Big Changes for University of California Retirement System Under New State Budget


A new budget deal, recently crafted and passed by California lawmakers, contains an overhaul of the University of California retirement system.

The UC retirement system is shouldering $7.8 billion in unfunded, largely because nobody – the state, the school or employees – contributed money to the system for a period of 20 years.

From the Sac Bee:

A budget deal reached this spring holds the biggest changes for future university employees.

As part of an arrangement that includes four years of funding increases, a two-year tuition freeze and additional money for UC’s sizable pension debt, the university is undertaking a significant overhaul of its retirement system. Though details remain to be worked out, it will introduce a pension tier with a dramatically lower compensation cap, and could shift new hires from a guaranteed benefit to a 401(k)-style defined contribution plan.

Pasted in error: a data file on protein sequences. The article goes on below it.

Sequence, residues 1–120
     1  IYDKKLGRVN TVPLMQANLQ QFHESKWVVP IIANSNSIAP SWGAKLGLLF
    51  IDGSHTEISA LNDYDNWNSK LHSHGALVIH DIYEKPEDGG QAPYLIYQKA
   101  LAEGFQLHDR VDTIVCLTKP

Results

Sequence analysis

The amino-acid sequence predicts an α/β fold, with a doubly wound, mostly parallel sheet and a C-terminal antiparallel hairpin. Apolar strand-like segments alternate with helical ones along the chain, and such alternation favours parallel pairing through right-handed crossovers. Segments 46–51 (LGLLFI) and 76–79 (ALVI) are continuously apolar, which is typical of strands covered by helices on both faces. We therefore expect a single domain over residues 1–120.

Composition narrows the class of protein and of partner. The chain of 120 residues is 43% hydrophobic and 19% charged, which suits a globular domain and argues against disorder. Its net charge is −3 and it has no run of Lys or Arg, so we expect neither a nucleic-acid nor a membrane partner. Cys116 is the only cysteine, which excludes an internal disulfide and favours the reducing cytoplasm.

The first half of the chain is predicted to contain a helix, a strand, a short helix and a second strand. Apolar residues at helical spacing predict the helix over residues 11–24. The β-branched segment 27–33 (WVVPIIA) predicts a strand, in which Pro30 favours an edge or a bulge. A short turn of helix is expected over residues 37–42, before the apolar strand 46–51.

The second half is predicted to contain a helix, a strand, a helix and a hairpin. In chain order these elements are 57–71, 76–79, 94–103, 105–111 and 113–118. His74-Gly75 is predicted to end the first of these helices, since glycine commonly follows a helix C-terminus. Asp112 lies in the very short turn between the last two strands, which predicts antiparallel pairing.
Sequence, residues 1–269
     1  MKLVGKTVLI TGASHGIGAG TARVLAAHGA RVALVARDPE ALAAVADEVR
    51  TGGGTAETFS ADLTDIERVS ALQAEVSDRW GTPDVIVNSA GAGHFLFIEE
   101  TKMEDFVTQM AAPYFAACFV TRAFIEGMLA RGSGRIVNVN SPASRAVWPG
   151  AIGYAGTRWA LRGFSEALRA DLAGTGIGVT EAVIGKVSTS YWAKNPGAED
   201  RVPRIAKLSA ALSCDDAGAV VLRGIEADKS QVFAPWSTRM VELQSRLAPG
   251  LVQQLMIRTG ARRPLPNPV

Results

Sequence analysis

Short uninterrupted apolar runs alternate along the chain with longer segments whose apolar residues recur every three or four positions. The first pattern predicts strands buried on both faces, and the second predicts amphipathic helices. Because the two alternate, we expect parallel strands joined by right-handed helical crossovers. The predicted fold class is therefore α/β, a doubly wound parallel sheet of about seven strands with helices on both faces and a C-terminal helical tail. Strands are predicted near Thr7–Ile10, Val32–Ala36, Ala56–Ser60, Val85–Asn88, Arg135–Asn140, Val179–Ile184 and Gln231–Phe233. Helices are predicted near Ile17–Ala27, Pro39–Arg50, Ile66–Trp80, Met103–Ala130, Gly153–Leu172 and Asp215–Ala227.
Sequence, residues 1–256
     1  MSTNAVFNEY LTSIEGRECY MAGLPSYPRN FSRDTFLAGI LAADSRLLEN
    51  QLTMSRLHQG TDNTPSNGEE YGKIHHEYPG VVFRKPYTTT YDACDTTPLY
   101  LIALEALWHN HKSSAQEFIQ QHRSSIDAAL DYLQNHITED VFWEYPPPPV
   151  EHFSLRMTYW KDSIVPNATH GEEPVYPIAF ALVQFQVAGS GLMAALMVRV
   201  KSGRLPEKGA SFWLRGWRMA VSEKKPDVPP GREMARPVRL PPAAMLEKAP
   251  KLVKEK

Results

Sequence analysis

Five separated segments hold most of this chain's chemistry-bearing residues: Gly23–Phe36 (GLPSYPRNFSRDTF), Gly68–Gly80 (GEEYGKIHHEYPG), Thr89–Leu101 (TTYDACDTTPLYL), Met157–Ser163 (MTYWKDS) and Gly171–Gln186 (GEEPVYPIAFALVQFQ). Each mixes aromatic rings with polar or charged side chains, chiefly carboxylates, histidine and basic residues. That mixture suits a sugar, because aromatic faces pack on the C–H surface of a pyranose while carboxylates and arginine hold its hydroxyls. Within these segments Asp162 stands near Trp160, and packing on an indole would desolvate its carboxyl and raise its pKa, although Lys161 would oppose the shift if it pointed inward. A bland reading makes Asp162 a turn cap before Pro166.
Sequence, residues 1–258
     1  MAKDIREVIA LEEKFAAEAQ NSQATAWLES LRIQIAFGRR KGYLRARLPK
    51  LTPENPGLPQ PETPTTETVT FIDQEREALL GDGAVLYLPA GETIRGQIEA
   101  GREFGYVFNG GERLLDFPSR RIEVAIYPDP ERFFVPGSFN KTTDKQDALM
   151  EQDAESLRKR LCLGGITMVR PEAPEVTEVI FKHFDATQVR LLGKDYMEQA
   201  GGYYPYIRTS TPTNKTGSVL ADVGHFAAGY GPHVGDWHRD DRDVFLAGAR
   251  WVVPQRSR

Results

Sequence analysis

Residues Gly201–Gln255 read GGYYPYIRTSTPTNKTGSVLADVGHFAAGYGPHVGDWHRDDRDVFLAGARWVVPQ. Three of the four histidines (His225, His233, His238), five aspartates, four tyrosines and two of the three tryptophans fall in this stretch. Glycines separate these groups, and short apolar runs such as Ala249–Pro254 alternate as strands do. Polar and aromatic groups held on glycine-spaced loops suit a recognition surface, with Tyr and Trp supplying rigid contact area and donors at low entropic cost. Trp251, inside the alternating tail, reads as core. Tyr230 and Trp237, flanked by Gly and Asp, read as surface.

The changes would apply to employees of the university’s 10 campuses, five medical centers and dozens of peripheral enterprises hired after July 1, 2016. They seek to address UC’s rising retirement costs, which were cited last fall as a major reason for the proposed tuition increase.

Any savings won’t be realized for decades, however. Until then, stabilizing the fund, and curbing how much it eats into the university’s multibillion-dollar annual operations, will largely depend on whether UC, and the state, remain committed to paying down the current debts.

The overhaul will decrease future pension costs, but won’t address the $7.8 billion in current unfunded liabilities. That burden can only be addressed by the University, in the form of consistent contributions to the system.

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